Contemporary archaeology
Roberta Bosco

Everything started three years ago, when Jesús Galdón (Barcelona 1967) received a Government grant to realise a project called “Arachne’s anus” that brought him through an archaeological and conceptual journey, taking pictures in Rom, Istanbul, Delphos and Tarragona. A journey made to discover the footprints of genetic and cultural continuity within the Mediterranean Sea, far away from the limits of memory. “Continuity is an innate need for humankind. The archaeological fact appears because of this need of reinventing our reality from the cultural representation of other individuals and times. We need to perpetuate ourselves, as well as we need to represent ourselves, and this exhibition wants to assemble the physical representation and the idea of continuity” says Jesús Galdón, who was known because of his exhibition in ”l’Espai 13” at the “Fundació Miró” (Barcelona) organised by Ferran Barenblit.

During this long journey, the artist took pictures of anonymous persons and of archaeological sites that he, now, uses in his artwork, not to explain the History but to suggest the observer some new possible interpretations. The Memory of Gods presents six photo-installations at the temporary exhibition room and four works all over the museum which establish a dialogue with the archaeological pieces. “Watching the mosaics room, I could not avoid thinking about the collage of cultures and different people that builds the Mediterranean inheritance.”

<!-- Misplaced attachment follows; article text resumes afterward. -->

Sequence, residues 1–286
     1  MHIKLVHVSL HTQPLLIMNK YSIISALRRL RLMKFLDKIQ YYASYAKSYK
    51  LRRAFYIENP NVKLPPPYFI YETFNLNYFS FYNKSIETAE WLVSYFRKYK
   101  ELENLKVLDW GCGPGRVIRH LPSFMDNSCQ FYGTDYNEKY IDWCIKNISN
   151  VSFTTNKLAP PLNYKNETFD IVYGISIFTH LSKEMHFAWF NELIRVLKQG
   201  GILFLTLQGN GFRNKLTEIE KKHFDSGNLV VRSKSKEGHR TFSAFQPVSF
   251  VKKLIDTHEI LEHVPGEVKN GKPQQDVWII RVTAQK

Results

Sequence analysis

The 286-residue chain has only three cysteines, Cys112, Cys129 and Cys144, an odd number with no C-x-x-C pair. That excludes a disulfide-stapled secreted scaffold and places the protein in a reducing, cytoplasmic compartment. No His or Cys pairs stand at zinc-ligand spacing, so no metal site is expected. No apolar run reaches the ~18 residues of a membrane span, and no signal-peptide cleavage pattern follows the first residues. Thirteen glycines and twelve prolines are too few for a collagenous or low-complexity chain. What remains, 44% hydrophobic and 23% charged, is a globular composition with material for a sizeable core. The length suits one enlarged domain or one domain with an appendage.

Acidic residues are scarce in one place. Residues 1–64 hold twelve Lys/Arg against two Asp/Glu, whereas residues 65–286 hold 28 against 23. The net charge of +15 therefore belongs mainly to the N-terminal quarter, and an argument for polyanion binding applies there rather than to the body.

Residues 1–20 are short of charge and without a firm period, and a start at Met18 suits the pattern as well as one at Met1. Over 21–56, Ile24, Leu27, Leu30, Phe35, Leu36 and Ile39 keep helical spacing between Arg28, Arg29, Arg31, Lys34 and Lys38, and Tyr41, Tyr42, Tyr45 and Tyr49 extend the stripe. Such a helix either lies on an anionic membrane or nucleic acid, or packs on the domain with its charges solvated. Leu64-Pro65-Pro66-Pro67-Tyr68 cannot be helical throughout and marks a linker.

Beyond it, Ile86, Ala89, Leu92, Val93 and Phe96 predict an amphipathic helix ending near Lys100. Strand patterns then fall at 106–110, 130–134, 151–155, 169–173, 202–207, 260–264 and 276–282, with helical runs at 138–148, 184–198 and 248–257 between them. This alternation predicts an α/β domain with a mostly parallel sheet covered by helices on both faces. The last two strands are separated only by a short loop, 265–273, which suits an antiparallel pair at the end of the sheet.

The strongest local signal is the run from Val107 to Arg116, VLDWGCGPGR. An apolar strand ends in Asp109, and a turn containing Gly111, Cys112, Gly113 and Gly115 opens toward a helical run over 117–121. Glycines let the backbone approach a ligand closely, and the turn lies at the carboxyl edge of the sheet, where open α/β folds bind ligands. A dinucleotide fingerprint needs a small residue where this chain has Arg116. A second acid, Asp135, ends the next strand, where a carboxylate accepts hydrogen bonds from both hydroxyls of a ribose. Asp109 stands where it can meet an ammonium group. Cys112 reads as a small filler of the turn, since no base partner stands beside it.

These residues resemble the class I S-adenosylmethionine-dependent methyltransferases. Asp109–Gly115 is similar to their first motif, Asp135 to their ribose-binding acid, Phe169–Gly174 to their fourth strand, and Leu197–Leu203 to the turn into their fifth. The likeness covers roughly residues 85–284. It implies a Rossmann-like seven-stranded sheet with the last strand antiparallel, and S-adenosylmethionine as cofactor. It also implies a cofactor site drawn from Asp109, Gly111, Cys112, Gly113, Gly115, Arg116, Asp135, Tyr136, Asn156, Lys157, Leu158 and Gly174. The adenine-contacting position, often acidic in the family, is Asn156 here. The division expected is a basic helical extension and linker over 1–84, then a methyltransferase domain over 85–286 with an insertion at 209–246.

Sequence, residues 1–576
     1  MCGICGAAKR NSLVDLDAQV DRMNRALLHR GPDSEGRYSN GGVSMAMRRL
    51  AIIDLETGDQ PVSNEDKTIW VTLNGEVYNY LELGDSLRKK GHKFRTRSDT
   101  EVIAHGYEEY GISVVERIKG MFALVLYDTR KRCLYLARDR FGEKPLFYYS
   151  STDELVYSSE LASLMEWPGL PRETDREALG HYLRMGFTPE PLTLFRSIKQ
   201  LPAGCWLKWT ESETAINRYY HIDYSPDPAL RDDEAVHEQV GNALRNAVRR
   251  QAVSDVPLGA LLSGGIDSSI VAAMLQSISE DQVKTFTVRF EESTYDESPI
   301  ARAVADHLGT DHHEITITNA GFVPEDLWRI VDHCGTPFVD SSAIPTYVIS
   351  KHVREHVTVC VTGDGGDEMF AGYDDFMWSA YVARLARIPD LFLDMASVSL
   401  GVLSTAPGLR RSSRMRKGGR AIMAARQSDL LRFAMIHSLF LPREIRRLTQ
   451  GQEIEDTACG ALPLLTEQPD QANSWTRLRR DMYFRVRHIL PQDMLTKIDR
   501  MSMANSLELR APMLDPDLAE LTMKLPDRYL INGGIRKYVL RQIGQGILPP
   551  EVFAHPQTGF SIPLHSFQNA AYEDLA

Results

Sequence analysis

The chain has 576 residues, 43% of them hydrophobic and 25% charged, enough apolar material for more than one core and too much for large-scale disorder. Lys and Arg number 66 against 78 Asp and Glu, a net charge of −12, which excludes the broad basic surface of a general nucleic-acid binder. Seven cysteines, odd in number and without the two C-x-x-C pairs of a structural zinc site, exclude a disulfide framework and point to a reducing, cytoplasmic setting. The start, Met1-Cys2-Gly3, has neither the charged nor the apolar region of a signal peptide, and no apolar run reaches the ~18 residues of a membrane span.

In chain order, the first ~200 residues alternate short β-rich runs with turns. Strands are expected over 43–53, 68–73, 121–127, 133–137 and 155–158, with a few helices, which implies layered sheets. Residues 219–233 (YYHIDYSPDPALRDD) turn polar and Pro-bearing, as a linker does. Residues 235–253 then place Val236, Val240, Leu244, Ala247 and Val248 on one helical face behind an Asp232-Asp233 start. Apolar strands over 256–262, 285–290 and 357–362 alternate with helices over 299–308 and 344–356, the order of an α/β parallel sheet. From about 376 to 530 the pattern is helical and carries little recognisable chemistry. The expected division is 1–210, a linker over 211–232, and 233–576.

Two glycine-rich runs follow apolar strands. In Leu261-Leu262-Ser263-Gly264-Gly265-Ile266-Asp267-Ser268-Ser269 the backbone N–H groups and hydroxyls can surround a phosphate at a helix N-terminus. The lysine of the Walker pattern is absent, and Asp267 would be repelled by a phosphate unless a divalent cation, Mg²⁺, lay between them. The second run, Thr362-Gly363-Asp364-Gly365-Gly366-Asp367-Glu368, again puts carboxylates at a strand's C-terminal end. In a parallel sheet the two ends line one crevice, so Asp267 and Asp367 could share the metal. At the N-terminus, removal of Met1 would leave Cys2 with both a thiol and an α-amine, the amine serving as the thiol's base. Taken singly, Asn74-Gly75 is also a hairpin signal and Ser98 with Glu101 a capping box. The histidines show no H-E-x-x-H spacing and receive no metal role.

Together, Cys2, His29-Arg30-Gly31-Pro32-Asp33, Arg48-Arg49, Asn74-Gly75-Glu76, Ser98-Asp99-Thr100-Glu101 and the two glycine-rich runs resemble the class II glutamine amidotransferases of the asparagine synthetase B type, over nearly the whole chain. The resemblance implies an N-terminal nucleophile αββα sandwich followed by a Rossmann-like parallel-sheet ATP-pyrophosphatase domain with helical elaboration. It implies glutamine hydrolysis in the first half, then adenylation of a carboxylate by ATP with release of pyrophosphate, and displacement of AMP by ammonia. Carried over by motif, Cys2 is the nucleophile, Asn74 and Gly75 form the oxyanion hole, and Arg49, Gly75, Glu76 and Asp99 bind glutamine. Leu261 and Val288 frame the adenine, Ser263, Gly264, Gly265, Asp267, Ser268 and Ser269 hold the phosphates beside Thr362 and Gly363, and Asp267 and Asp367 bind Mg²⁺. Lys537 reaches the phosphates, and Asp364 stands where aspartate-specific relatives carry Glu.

The effect is a contemporary mosaic mixed up with ancient pieces, only recognisable when we approach them. Walking through the hall of busts, the visitor finds a portrait of an anonymous inhabitant of Istanbul printed on a half-transparent tissue that fleets over our head. “Another work takes as a reference point the fallen column of Olympeion, one of the highest in the ancient Athens, planned to be an axis between earth and sky, as an umbilical cord that once fallen can not offer any connexion anymore.” explains the artist who took the pictures of this column “a succession of pieces that were tumbled down like in a nice domino effect” and then printed them over some stones, using an ancient photographic procedure.

Roberta Bosco
Art critic
El Periódico del arte, nº 33, May 2000